I think there's great synergies there between programs we want to pursue, and areas like microgrids, which traditionally have been done through the department but are really very, very good fit with the ARENA capability, and so you'll see more of that into the future

That package has a particular focus within it on soil carbon and other sorts of biosequestration. And this is an area where - you mentioned as I came on in your introduction - 90 million tonnes, I hear you say we need more and I understand that, the point I would make is that's a very, very significant opportunity in its own right. I think it's a really big deal. The challenge has been low cost measurement, and we want to address that and we've got funding there to start to address that. And, one of the priority technologies we announced yesterday was in the measurement of soil carbon.

Look, these are all really important reforms. I really appreciate CMI's public support for the changes, and we do want to work closely with CMI and other stakeholders over the coming months to make sure we get maximum bang for our buck out of all of these initiatives.

Now, one of the programs in the $1.9 billion deploys just over $95 million from the $2 billion Climate Solutions Fund through ARENA, from the King Review, the recommended Technology Co-Investment Fund - supporting businesses in agriculture, mining, industrial and transport sectors to adopt technologies that increase productivity and reduce emissions.

Now these are very specific initiatives focused on carbon outcomes.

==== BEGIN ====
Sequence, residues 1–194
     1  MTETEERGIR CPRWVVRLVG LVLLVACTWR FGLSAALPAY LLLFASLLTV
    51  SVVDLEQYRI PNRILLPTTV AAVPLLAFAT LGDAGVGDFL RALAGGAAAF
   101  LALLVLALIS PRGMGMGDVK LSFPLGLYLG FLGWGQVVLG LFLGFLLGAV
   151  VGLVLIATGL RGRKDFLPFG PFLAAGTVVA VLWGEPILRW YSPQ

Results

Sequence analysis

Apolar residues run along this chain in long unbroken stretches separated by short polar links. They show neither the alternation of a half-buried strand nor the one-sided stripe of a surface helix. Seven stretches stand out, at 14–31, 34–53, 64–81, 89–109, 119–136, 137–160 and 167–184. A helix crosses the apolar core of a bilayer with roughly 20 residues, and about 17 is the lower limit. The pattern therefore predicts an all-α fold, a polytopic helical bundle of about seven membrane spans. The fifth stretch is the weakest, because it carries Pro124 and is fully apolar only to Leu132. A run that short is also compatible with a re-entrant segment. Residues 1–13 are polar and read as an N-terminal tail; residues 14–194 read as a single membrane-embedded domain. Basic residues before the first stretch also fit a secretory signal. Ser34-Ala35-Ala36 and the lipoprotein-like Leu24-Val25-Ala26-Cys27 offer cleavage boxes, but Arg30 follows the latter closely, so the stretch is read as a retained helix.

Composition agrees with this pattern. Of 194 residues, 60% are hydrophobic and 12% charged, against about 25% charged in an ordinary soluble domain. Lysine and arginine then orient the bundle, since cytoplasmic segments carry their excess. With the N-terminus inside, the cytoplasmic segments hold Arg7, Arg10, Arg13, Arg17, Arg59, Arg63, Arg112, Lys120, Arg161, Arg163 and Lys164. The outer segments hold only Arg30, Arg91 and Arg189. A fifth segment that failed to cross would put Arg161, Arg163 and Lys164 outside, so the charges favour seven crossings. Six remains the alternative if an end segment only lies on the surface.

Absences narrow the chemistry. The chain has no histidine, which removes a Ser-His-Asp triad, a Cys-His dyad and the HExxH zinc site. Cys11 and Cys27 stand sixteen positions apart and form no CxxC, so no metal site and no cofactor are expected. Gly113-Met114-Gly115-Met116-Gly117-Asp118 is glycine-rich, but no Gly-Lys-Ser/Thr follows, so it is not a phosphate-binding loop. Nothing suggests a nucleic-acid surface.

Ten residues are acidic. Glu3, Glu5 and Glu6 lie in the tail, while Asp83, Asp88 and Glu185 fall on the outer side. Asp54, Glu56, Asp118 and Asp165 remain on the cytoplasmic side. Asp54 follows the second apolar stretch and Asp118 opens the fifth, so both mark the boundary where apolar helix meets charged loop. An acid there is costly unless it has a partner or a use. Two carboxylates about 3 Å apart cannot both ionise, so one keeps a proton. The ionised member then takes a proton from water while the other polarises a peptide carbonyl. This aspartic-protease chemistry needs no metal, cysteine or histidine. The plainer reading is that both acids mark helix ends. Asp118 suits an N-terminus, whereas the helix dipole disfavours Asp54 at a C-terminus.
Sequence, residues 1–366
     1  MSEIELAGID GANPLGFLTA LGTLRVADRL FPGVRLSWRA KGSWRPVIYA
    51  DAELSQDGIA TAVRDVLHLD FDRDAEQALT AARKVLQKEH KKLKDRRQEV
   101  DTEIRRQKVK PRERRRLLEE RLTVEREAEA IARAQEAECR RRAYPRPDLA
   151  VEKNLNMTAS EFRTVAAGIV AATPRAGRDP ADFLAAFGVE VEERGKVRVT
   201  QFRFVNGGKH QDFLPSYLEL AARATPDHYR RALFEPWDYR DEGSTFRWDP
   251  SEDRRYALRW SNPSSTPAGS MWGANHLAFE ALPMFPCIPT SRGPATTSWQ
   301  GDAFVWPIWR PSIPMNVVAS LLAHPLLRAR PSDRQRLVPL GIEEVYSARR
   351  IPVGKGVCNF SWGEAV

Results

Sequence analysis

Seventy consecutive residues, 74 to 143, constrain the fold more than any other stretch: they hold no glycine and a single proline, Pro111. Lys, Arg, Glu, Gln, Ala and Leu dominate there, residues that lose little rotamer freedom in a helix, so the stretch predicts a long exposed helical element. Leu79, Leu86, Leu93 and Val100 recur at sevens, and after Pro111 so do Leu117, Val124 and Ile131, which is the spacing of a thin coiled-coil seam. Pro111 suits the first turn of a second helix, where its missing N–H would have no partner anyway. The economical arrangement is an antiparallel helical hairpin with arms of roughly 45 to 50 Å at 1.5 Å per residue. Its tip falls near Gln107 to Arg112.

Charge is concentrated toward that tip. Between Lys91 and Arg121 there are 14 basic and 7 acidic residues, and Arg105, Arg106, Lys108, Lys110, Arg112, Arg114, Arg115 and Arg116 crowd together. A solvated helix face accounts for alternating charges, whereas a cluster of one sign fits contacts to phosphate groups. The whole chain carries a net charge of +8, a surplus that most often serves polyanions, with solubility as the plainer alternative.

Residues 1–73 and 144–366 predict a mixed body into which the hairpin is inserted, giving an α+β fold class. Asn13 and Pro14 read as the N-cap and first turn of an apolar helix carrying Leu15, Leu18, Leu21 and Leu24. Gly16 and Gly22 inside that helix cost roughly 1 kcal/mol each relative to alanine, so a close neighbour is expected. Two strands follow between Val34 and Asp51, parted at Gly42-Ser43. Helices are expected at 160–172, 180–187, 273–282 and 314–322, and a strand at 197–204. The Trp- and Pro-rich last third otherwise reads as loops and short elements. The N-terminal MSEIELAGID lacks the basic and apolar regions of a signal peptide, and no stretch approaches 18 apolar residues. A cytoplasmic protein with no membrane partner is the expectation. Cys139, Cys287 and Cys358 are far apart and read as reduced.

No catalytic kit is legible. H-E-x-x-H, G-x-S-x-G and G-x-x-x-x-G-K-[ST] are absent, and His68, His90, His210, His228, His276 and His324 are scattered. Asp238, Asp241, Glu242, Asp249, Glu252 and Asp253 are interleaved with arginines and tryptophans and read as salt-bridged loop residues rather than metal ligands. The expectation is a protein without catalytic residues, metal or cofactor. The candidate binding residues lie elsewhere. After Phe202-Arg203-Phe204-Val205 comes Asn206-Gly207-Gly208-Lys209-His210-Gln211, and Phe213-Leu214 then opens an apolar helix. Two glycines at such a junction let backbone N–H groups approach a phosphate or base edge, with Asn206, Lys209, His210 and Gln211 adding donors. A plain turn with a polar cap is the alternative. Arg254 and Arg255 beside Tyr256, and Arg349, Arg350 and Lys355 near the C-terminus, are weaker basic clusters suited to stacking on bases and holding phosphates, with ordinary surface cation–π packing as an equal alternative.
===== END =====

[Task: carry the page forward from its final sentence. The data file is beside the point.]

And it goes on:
If you look at the R&D investment we're doing, for instance - much of which will be deployed through ARENA, as well as the CEFC, CSIRO, the universities as well, as well as state governments and the private sector - there's a great focus there on R&D and getting the cost of these emerging technologies down to the point where the private sector will deploy them as a matter of choice because the economics work, and we get emissions reduction in the process, which is the least cost way of course of getting very significant emission reductions.

But the deployment side, the King Review's recommended Technology Co-Investment Fund is really important.

Now, we're targeting an additional 16 million tonnes in the initiatives that we've outlined in the last week or so which is a very low cost abatement, and you know, we continue to find these ways of getting this low cost abatement, and we're going to continue to pursue them because they are there as the technologies come towards economic parity with the alternatives.